US to jury: 2 British ex-bankers manipulated interest rates

NEW YORK – The first U.S. trial to result from a worldwide investigation into the manipulation of interest rates began Wednesday when a prosecutor told jurors that two British former bankers put themselves first at one of the world’s largest banks, while defense lawyers portrayed their clients as scapegoats.

Carol Sipperly, a Justice Department prosecutor, said in Manhattan federal court that Anthony Allen, 44, and Anthony Conti, 46, abused their positions at the Dutch bank Rabobank to influence the daily benchmarks of the London Interbank Offered Rate, or LIBOR, a measurement of London-based interbank interest rates that influence interest rates worldwide.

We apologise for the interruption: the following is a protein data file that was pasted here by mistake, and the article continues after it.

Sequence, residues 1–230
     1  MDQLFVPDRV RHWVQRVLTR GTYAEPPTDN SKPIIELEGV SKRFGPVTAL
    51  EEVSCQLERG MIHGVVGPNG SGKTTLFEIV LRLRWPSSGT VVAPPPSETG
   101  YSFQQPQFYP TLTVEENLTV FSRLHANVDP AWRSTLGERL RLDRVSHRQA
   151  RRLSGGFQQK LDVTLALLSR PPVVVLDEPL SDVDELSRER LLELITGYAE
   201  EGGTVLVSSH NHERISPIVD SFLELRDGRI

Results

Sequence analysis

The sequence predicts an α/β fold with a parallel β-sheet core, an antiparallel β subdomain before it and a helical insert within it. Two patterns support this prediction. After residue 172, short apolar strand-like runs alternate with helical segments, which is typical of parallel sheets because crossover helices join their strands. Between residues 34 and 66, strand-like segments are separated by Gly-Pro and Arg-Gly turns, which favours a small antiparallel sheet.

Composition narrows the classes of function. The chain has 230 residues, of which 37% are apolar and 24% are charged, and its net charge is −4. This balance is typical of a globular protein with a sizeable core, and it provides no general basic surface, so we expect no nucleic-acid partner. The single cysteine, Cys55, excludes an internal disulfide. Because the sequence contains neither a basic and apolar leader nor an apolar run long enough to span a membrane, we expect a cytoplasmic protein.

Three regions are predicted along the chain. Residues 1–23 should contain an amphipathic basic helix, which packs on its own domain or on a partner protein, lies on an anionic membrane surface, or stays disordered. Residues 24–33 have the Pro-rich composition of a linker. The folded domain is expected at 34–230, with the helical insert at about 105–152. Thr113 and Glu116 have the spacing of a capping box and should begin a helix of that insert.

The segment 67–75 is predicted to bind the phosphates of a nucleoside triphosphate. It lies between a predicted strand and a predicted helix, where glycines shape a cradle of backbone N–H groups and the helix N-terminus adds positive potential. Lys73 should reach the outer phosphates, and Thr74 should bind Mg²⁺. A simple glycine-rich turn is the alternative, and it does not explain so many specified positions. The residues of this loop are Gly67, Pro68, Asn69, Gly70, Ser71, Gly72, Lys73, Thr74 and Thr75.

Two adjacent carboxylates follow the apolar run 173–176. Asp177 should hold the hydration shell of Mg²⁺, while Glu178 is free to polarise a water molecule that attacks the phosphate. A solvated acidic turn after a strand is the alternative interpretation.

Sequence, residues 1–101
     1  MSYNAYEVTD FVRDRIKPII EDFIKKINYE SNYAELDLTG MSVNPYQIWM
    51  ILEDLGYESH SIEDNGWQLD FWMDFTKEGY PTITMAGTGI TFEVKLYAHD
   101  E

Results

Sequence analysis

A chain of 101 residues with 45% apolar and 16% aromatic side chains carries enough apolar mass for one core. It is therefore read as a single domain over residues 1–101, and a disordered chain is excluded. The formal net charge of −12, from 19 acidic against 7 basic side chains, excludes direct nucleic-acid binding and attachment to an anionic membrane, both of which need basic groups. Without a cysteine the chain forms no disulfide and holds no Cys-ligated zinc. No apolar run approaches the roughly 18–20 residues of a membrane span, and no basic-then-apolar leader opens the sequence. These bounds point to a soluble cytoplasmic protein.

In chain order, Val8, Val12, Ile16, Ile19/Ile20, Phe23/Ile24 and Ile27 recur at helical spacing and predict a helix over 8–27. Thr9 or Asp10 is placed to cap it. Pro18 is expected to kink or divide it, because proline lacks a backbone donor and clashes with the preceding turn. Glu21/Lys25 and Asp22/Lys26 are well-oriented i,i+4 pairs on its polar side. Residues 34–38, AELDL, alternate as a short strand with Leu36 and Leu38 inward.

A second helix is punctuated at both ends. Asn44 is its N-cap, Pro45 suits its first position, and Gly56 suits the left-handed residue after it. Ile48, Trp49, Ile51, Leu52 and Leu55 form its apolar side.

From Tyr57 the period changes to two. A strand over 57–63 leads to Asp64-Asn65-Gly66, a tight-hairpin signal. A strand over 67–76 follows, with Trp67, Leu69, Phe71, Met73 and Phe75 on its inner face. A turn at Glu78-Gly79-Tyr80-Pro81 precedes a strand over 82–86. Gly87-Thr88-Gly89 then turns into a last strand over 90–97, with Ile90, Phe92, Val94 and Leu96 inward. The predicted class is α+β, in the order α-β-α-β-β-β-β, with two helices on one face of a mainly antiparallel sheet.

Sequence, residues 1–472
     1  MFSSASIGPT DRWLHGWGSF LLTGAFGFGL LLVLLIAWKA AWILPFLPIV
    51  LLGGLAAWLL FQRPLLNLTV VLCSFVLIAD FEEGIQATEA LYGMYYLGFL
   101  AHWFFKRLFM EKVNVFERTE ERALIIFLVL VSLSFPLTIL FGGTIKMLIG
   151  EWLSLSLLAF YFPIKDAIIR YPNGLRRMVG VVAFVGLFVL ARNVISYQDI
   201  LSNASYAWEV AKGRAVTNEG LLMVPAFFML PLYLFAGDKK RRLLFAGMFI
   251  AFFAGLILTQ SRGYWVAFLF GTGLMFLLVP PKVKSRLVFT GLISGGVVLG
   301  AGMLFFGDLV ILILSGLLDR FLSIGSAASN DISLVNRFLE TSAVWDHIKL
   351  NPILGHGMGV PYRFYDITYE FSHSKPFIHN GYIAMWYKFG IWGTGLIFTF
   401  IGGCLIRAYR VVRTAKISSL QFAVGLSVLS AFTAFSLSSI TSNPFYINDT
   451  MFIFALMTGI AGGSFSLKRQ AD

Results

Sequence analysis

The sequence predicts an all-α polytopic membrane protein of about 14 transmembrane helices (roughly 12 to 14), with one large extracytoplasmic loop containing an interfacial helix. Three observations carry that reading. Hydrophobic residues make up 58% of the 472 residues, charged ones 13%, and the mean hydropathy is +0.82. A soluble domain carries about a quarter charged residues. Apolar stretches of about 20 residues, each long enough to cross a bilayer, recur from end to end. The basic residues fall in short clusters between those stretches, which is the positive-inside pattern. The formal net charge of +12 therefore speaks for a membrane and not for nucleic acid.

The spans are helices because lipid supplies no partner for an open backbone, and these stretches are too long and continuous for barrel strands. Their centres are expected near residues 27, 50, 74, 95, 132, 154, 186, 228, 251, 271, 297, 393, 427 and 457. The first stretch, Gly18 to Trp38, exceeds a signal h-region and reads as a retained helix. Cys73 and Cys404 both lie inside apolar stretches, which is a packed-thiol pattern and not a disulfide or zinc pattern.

“They sought to rig the rate to benefit themselves,” Sipperly said, urging jurors to sift through the testimony of three former co-workers at Rabobank who have pleaded guilty to conspiracy in cooperation deals as well as voluminous email and other document evidence. “It will feel like putting a puzzle together.”

She said the men “exploited and abused” their responsibilities from 2005 to 2011 to report their bank’s cost of borrowing from other banks in London, as one of 16 banks that contribute the information that influences trillions of dollars in contracts around the world, including mortgages, bonds and consumer loans. Conti was a senior banker who handled U.S. dollars; Allen was the global head of cash.

Two years ago, Rabobank of the Netherlands agreed to pay about $1 billion to settle U.S., British and Dutch charges of manipulating the key global interest rate.